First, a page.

Everything You Need to Know About Traveling in Sri Lanka

Originally Published on Half a World Away by Katie Milne

Since getting back from Sri Lanka last week, I have been inundated with messages from friends in Australia and back in the UK asking for recommendations and tips. Before I begin my Sri Lanka spam series of posts, I thought it would be best to start with the basics for those currently planning their trip to this beautiful country.

The best airport to fly in and out of is Colombo airport, also known as Bandaranaike International Airport or Katunayake International Airport. The airport is actually closer to the beachside town Negombo (20 minutes), not Colombo city (40 to 60 minutes), so that’s worth thinking about when you decide on a route. Both are accessible and easy to get to whatever you choose to do.

For my Aussie friends, most airlines will fly to Colombo with one stop, usually Kuala Lumpur, Singapore or Hong Kong. I flew with AirAsia on the outbound flight and with Srilankan airlines and Malaysia Air on the way back—AirAsia is great for budget trips; however, I fully recommend flying with SriLankan or Malaysia if possible. As expected, the flight was much better (and no delays!). If you’re flying from the UK, consider the big Middle Eastern airlines such as Qatar and Etihad. To give you an idea of flight costs, from Australia, $600 to $800 tends to be quite reasonable depending on the time of year and airline. From the UK, friends have mentioned flight costs starting from £400.

Expect to eat a lot of curries. Rice and curry is the local dish—note that I say rice first; this is because this is the main part of the meal, not the curry. Sri Lankan food is much spicier than Vietnam or Malaysia, and probably on par with, if not hotter than, Thai food. There tends to be a lot of options for vegetarians and lots and lots of fish and seafood. Rotti shops are also on every street corner and they are amazing! There are thin pancakes with lots of delicious fillings that can be enjoyed sweet or savory at any time of the day (or night). If local food is not for you, there are plenty of Western restaurants, even some pretty good burger joints in Hikkaduwa on the South Coast (post to come).

Things to Do
The thing I enjoyed the most about Sri Lanka was the diversity of the country—you could travel from the inland towns and in three hours be sunbathing on a beach. Sri Lanka really has it all: trekking in hill country, whale-watching in Mirissa, safaris in Yala, culture in Sigiriya and partying in Hikkaduwa, and that’s just scratching the surface.

There are two popular national parks in Sri Lanka: Yala National Park and Udawalawe National Park. Both are further south in island; however, Udawalawe is more accessible from Ella or the west coast and Yala more accessible from Tangalle or the east coast. I heard Yala was more touristy and, due to our route, we visited Udawalawe. I really enjoyed it and we saw lots of elephants in their natural habitat. You can go to the Pinnawala Elephant Sanctuary closer to Colombo; however, I had read that the elephants were still in chains and didn’t want to make that mistake again.

I’d say that accommodation in Sri Lanka is generally a mix of hotels, resorts and guesthouses. We had quite a hard time finding hostels in ‘Lanka—there really aren’t much compared to Southeast Asia; however, there is one chain called Hangover Hostels (Colombo & Mirissa) and the City Hostels in Colombo and Kandy. There are a few other independent ones if you look hard enough, too. Guesthouses are a good way to go, for as little as $23 USD (£15) you can get a cheap clean double room, and it’s a good way to experience home-cooked Sri Lankan food! The best ones we stayed at were Mansala Guesthouse in Udawalawe and Extremehost Guesthouse in Mirissa.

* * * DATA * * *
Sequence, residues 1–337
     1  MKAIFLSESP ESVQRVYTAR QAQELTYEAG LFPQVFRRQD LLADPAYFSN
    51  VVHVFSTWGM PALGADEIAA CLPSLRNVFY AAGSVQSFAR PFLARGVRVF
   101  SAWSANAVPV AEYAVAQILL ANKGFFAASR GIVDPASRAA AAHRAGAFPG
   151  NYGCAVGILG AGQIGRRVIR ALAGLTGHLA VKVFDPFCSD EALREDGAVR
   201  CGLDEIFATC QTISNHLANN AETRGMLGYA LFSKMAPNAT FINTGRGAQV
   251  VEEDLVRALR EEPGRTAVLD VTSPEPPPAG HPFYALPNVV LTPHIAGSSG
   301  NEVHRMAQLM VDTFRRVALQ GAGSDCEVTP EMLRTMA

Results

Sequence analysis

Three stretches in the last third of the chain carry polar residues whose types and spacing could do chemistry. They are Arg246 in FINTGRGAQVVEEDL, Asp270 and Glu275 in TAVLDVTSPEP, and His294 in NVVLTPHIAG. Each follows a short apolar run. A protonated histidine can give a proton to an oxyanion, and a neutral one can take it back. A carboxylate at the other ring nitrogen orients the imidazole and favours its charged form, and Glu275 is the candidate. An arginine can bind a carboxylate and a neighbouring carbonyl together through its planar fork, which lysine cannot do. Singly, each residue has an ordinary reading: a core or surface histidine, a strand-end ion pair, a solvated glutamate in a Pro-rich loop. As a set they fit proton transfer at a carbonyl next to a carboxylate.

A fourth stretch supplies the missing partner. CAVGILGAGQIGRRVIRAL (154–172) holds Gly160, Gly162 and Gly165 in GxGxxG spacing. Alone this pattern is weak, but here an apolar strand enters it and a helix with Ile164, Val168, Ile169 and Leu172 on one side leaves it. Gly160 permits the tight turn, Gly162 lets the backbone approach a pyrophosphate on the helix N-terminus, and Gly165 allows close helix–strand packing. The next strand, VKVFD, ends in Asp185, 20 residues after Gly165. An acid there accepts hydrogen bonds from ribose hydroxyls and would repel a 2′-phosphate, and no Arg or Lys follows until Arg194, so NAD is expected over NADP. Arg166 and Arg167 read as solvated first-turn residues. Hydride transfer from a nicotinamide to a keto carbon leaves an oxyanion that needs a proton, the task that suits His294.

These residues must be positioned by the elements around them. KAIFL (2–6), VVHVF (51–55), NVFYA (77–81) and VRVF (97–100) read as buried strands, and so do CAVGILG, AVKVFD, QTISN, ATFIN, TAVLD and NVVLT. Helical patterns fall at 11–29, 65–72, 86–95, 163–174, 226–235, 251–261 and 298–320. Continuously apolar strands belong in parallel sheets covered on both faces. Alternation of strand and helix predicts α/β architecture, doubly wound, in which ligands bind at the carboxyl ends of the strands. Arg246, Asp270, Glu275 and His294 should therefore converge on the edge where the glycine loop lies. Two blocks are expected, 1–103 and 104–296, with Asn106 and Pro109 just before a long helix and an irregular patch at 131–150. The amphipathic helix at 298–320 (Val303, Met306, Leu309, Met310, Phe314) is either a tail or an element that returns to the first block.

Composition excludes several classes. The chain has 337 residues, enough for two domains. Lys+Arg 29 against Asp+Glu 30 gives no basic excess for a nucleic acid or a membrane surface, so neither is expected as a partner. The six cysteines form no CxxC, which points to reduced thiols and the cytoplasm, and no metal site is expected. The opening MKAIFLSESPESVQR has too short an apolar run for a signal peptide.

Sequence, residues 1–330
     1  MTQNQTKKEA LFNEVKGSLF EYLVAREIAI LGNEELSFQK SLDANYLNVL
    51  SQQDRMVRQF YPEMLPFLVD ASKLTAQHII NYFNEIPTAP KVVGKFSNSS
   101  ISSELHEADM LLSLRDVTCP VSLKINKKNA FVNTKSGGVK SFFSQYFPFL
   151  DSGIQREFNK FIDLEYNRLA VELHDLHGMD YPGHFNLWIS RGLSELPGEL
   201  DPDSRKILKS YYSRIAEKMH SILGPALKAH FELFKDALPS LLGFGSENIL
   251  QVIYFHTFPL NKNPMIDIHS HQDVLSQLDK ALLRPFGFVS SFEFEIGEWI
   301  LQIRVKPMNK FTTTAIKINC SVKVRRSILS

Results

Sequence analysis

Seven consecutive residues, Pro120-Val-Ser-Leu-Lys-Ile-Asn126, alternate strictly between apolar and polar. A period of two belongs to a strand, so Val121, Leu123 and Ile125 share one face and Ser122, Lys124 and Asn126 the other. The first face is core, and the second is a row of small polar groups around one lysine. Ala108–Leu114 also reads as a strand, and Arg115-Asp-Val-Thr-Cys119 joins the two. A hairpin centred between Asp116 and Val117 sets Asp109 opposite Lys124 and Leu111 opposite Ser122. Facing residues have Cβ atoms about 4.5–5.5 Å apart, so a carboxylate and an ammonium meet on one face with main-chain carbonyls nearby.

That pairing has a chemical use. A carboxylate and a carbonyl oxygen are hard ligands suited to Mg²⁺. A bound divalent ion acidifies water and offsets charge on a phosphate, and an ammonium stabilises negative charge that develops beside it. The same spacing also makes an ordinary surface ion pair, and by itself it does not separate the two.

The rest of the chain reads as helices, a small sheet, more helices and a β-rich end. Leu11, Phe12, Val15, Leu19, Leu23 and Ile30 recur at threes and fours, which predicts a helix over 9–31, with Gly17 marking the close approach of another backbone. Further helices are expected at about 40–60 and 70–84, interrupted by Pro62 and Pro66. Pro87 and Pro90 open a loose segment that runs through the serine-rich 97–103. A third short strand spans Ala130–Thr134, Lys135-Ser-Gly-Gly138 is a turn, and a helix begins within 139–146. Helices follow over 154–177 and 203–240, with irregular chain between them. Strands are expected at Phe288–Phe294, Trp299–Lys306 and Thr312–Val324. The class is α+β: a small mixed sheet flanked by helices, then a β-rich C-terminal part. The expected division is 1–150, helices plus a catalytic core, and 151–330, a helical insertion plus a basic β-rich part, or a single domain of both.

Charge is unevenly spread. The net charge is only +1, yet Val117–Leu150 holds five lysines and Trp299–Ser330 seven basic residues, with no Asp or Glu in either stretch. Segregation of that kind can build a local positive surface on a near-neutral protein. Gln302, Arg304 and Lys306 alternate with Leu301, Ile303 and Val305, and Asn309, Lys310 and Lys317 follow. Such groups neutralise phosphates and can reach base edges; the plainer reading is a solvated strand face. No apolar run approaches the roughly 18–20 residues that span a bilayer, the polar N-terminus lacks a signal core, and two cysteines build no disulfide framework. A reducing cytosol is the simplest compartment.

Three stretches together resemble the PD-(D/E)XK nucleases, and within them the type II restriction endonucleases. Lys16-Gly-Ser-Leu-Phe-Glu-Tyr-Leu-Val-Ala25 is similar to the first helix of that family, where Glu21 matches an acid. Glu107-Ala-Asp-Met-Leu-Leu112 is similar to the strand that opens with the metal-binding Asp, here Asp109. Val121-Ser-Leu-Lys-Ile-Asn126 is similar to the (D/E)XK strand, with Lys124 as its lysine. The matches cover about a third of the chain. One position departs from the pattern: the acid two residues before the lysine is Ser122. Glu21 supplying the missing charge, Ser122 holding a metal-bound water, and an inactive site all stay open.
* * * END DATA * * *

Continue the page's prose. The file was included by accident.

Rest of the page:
I found Sri Lanka a be little more expensive than other Asian countries to which I’ve been, but this might be because I didn’t have as tight of a budget this time around. Here’s a very rough rundown of costs—these can differ from place to place and whether you eat, sleep or drink in or away from the main areas.
Bottled water: 80-120 rupees
Guesthouses: 3,000-10,000 rupees (depending on the season)
Hotels and resorts: 8,000+ rupees
Rottis: 80-500 rupees
Rice and curry: 200-1,500 rupees (depending on where you eat)
Lion beer: 300-800 for a big bottle
Cocktail: 500-1,000 (depending on where you go)
Western meal: 800-2,000 rupees
Tuk tuk: 100-500 for a short ride or 500-1,500 for longer distances
Local bus: 100-400 rupees
Government trains: 100-500 rupees
Private trains: 1,000-2,000 rupees

I’ll be posting an article with more information on public transportation and getting around Sri Lanka, but it’s generally quite easy to get around. You have the chance to travel with a private driver or mix it up and travel like the locals on the buses and trains. Sri Lanka has some of the most scenic train journeys in the world, which I recommend doing at least once—probably the Kandy-Badulla route. I found The Man in Seat 61 so helpful when we were trying to figure out what trains to take.

The People
Sri Lankans are the friendliest people I have ever come across! We never felt in danger or that locals were out to scam us. They were so friendly and helpful! Have a chat with one of the local tuk tuk drivers; they have some great stories to tell!

I hope that gives you a good start to help you book your trip! Please feel free to get in touch below if you have other questions; otherwise, keep an eye out for my next few posts on Sri Lanka.

For more, head on over to Half a World Away!

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